What one small city in Belgium can teach the world about mental illness.
The city of Geel, Belgium, has a popular saying: “Half of Geel is crazy, and the rest is half crazy.”
The 35,000-person city is quaint — about an hour east of Antwerp, and an hour south of Belgium’s border with the Netherlands — and has all the charm of a weathered European city. Medieval cathedrals, pointed white-shuttered windows, and bronze statues serve as the town’s historical timeline.
But one thing has remained constant throughout its history: The city’s unusual approach toward treating people with mental health issues.
For more than 700 years, Geel residents have taken mentally ill people into their homes as guests, or as they’re known in Geel, “boarders.” Boarders and residents live a normal life together, free of stigma.
The centuries-old practice stands in stark contrast to past and present treatments around the world — like institutionalization, harsh medication, and other bizarre cures — and could help lay the groundwork in treating the United States’ homeless and mentally ill population.
An Inspired Past
Religion — particularly the story of Dymphna, the Catholic patron saint of the mentally ill — has largely shaped Geel’s approach to treating mental illness. According to legend, Dymphna was born in northeastern Ireland in the seventh century to Damon, a pagan king, and a royal Christian mother.
She followed in her mother’s religious footsteps and took a vow of chastity at a young age. Tragedy, however, kept her from maintaining that vow for long.
Dymphna’s mother died, which caused Damon’s mental state to rapidly decline. Eventually, he arranged to marry his chaste pre-teen daughter, forcing Dymphna to flee across the English Channel to Antwerp, then to Geel.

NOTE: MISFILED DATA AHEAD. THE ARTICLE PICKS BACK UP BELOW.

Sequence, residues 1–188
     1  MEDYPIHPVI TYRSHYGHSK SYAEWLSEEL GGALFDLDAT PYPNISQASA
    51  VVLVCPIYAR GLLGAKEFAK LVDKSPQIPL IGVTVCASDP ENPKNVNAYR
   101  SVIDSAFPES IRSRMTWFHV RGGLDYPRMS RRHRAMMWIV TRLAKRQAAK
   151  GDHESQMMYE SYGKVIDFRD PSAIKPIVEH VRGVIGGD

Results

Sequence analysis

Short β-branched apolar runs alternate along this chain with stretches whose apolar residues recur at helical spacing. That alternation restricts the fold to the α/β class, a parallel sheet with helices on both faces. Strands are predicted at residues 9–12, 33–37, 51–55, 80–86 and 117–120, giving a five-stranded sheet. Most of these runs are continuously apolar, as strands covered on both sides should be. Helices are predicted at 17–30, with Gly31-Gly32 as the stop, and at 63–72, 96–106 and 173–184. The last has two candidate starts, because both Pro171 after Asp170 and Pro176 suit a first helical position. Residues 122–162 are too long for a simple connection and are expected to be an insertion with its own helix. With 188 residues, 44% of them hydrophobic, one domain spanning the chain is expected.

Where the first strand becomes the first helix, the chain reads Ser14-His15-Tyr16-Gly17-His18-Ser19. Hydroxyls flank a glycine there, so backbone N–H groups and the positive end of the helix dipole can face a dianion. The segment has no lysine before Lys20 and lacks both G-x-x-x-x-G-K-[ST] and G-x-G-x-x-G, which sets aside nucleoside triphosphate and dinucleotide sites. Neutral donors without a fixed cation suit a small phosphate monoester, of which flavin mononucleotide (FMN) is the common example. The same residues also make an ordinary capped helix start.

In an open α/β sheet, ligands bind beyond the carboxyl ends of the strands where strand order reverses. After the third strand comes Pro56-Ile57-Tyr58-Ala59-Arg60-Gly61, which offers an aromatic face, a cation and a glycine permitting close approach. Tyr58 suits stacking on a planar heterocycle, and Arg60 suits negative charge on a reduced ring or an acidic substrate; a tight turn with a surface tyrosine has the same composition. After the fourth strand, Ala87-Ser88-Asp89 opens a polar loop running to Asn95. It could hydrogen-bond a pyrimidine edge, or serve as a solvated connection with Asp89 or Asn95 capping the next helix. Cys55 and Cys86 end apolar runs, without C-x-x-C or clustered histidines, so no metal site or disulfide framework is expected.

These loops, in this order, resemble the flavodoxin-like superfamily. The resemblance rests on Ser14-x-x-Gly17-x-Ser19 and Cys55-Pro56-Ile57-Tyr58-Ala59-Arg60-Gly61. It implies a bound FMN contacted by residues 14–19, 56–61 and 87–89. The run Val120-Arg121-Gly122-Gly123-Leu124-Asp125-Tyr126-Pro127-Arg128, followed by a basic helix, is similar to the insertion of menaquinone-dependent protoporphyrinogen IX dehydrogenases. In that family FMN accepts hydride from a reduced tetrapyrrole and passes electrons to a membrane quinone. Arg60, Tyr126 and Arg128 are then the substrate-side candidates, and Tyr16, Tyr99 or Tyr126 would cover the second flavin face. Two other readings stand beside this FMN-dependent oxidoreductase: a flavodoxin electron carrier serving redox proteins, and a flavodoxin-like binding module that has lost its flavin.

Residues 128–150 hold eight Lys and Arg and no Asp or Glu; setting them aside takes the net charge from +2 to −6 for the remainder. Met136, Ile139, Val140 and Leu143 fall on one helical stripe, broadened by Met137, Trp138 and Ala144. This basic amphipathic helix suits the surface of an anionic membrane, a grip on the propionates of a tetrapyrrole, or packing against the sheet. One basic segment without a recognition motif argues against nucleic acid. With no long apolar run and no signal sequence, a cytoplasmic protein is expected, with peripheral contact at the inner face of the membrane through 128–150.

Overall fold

She quickly built a hospice and a life in Geel, but Damon chased her down. He was in a rage when he found her, delusional past the point of no return. Before he returned to Ireland, he cut off his 15-year-old daughter’s head.
The Catholic Church canonized Dymphna in 1247, and in the 14th century Geel built a church in her honor. Families started to come to Dymphna’s church from across Europe.
When they left, they would leave behind family members with mental health conditions, quickly overwhelming the church. In the spirit of Dymphna, Geel’s residents started to welcome the mentally ill into their own homes.
So began the tradition that would make Geel famous as “the charitable city.”
“The remarkable aspect of the Geel experience for the uninitiated is the attitude of the citizenry,” American psychiatrist Charles Aring wrote in the Journal of the American Medical Association in the 1960s.
And that attitude has been consistent. In 1900, for example, while the United States was reeling from Nellie Bly‘s exposé on the atrocities committed at Blackwell’s Island insane asylum, the International Congress of Psychiatry (ICP) declared Geel an example of best practice.
Countless others have since backed up ICP’s declaration. The journal European Psychiatry, for one, found that education about mental illness and contact with someone who is mentally ill made people less focused on blame and more focused on the recovery.
Now, Geel’s method is having a sort of renaissance in the United States.
Boarders In The United States
On 155th Street in Manhattan, straddling the border between the neighborhoods of Harlem and Washington Heights, a modern concrete building cuts a striking image among the streets of pre-war apartments and brownstones. A police department stands on one side; a grassy park fenced in by gnarled oaks sits on the other.
The building is called the Sugar Hill Project, and composes one of seven buildings that make up the not-for-profit Broadway Housing Communities (BHC). As is the case with all BHC apartments, some Sugar Hill Project residents have special needs, and some don’t — a setup that bears striking resemblance to the mixed dwellings of the small Belgian town.